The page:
Members of SEIU Local 99, also known as Education Workers United, after over a year of negotiations voted to approve a strike for Tuesday, March 21 through Thursday, March 23. It began on Tuesday, with barely any notice to parents or students.
According to their website, the union includes 50,000 education workers in K-12 schools, early education centers and homes, and community colleges in Southern California, including 30,000 cafeteria workers, special education assistants, custodians, bus drivers, and other school support staff are demanding equitable wage increases, more full-time work, respectful treatment, and increased staffing levels for better student services.
United Teachers Los Angeles, which represents 35,000 local educators, is supporting the strike and said that they will not cross picket lines imposed by workers. The union previously fought a return to in-person learning a year after the outbreak of the COVID-19 pandemic and even instructed members not to post pictures from Spring Break vacations. The union president Cecily Myart-Cruz said at the time that white, wealthy parents were "driving the push behind a rushed return."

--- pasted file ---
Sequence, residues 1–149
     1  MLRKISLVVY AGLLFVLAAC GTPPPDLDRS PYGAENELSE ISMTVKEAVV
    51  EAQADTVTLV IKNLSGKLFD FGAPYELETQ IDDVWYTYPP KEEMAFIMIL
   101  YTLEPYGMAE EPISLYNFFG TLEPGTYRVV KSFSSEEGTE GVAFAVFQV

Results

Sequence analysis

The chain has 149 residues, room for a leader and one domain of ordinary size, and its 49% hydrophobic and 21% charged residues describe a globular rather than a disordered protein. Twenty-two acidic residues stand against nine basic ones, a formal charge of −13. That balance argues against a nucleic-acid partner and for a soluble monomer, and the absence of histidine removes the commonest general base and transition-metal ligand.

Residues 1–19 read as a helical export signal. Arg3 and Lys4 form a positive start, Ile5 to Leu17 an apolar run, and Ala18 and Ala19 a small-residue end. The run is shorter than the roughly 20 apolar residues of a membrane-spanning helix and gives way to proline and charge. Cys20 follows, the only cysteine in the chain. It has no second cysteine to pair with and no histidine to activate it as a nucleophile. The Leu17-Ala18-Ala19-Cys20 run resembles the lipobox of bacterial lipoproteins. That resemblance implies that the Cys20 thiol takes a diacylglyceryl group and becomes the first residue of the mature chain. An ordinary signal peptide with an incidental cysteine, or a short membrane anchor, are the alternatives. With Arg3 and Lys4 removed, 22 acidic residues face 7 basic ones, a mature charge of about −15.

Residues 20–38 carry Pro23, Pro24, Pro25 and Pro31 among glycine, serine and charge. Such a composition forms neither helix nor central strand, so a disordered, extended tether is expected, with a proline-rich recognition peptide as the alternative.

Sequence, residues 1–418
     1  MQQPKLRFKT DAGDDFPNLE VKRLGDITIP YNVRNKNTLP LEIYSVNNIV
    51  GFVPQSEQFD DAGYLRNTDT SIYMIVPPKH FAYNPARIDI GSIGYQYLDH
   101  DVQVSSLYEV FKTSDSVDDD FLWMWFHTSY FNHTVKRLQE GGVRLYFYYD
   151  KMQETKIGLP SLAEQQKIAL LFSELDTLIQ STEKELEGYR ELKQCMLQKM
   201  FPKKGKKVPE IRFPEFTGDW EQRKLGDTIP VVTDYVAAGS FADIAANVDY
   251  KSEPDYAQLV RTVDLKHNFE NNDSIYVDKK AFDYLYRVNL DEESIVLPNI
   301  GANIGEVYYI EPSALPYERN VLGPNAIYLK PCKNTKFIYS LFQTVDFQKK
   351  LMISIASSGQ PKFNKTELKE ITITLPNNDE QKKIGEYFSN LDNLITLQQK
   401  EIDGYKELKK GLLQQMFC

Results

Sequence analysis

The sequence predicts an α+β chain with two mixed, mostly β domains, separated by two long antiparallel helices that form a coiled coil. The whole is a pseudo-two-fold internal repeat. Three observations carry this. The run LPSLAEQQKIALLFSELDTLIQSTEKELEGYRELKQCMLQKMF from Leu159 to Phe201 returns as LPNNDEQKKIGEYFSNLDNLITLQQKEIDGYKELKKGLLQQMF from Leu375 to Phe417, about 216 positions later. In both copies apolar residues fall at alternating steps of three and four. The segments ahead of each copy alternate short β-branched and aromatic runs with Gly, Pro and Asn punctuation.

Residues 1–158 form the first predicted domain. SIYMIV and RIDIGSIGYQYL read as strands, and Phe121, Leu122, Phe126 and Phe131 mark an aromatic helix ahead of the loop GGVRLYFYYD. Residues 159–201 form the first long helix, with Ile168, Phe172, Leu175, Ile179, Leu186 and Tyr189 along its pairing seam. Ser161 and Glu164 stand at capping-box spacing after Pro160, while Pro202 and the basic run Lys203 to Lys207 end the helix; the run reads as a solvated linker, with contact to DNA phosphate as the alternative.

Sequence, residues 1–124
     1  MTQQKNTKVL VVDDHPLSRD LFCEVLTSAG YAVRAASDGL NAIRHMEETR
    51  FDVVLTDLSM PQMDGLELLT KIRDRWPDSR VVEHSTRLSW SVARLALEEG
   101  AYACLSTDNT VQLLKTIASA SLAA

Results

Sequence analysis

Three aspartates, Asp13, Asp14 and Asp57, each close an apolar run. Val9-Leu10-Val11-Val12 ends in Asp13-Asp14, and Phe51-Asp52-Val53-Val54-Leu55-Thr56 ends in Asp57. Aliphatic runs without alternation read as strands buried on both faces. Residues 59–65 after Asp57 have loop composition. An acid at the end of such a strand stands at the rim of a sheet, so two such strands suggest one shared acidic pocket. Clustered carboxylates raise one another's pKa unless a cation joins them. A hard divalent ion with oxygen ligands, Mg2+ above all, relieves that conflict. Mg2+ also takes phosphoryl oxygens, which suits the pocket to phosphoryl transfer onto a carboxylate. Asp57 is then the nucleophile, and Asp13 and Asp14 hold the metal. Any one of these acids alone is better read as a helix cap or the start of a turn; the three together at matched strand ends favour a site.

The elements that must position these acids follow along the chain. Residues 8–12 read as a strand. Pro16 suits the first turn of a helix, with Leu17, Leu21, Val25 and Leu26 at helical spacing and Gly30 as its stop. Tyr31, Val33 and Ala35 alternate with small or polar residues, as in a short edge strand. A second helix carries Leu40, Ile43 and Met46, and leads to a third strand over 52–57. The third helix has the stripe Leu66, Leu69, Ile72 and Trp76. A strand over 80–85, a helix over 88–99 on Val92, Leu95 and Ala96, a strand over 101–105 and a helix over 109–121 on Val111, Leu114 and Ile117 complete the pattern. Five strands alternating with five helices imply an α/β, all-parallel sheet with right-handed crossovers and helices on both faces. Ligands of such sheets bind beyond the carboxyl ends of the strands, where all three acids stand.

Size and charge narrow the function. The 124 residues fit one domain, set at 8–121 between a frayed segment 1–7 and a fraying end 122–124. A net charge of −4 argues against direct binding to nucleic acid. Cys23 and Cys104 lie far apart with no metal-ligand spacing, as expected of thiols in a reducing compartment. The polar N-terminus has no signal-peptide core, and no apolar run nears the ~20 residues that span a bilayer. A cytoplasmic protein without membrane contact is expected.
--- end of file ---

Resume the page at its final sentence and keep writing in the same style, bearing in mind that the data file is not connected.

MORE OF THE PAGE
District Superintendent Alberto Carvalho said during a press conference that the strike will make it "virtually impossible to keep schools open" and that the union is "simply refusing to negotiate" despite a "historic offer on the table."
According to Fox News, Max Arias, the executive director of SEIU Local 99 said workers have been living on "poverty wages" and placed the blame for the strike on the school district. "Students have been sacrificing for too long in school environments that are not clean, safe or supportive for all. Too many workers have been subjected to harassment simply for demanding change. Enough is Enough!"
The outlet reported that the average salary of workers at LAUSD is $25,000 a year, often working part-time hours.
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